cannot be classified accurately enough to assign them to a family.
This is "Sula" ronzoni from Early
Oligocene rocks at Ronzon, France,
which was initially believed to be a sea-duck and possibly is an
The Pelecaniform lineages appear to have originated around the end of
Monophyletic or not, they appear to belong to a
close-knit group of "higher waterbirds" which also includes groups
such as penguins and Procellariiformes. It is interesting to note that
there are quite a lot of fossil bones from around the
Paleogene boundary which cannot be firmly placed with any
of these orders and rather combine traits of several of them. This is
of course only to be expected, if the theory that most if not all of
these "higher waterbird" lineages originated around that time is
correct. Of those apparently basal taxa, the following show some
similarities to the traditional Pelecaniformes:
Lonchodytes (Lance Creek
Late Cretaceous of Wyoming, US)
Torotix (Late Cretaceous)
Tytthostonyx (Late Cretaceous/Early Palaeocene)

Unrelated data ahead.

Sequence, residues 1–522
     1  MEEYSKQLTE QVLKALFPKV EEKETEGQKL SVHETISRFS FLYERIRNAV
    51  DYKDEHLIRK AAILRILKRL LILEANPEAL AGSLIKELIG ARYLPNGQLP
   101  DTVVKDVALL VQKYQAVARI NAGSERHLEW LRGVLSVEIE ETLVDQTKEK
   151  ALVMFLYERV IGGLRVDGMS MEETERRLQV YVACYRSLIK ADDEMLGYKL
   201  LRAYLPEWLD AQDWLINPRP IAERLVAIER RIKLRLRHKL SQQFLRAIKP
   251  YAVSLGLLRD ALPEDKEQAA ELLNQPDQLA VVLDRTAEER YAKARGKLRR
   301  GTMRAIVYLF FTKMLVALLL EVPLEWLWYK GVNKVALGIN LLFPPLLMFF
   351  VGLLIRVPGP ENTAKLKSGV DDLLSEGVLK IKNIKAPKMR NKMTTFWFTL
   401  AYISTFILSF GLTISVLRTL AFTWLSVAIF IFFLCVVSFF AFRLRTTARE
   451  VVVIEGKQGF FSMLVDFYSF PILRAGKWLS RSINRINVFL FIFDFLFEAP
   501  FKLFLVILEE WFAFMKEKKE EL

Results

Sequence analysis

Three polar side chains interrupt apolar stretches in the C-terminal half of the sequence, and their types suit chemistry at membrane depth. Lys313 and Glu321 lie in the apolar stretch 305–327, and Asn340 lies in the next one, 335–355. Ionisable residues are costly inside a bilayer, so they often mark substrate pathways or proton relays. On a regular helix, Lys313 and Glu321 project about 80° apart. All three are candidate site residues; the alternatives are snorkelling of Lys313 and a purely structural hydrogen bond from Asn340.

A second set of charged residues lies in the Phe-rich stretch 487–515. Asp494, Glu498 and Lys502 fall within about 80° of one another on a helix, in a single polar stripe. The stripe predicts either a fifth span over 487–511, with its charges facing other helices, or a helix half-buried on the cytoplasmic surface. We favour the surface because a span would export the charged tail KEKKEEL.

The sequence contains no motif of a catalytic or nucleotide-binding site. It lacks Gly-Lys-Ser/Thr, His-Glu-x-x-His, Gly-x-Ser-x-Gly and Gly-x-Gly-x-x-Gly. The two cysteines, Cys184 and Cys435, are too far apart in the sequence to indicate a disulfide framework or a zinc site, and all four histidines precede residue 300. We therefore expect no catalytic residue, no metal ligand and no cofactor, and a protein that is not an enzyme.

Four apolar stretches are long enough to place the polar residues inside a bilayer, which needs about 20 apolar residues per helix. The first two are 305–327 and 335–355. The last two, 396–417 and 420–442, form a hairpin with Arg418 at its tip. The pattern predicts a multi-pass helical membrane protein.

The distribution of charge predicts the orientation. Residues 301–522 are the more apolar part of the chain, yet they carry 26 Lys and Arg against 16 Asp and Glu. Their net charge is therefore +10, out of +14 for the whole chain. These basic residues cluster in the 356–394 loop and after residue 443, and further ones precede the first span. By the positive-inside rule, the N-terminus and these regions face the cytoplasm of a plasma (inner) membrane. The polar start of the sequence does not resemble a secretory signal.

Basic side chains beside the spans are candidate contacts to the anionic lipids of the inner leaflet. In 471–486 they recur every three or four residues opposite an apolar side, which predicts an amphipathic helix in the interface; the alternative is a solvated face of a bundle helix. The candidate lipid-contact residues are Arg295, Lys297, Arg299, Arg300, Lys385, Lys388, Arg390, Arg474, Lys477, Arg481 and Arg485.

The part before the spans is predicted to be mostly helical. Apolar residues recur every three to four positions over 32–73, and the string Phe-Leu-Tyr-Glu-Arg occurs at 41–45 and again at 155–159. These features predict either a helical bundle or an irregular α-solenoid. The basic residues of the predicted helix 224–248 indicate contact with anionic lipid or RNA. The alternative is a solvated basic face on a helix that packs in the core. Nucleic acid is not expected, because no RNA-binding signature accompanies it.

Cladornis (Deseado Early
Oligocene of Patagonia, Argentina)
"Liptornis"—a nomen dubium
The proposed Elopterygidae—supposedly a family of Cretaceous
Pelecaniformes—are neither monophyletic nor does Elopteryx appear to
be a modern bird.
^ Jarvis, E.D. et al. (2014) Whole-genome analyses resolve early
branches in the tree of life of modern birds. Science,
346(6215):1320-1331. DOI: 10.1126/science.1253451
^ a b Hedges, S.Blair; Sibley, Charles G (1994). "Molecules vs.
morphology in avian evolution: the case of the "pelecaniform" birds".
PNAS. 91 (21): 9861–65. doi:10.1073/pnas.91.21.9861.
^ Mayr, G. (2007). "Avian higher-level phylogeny: Well-supported
clades and what we can learn from a phylogenetic analysis of 2954
morphological characters". Journal of Zoological Systematics and
Evolutionary Research. 46: 63–72.
^ Mikhailov, Konstantin E. (1995). "Eggshell structure in the shoebill
and pelecaniform birds: comparison with hamerkop, herons, ibises and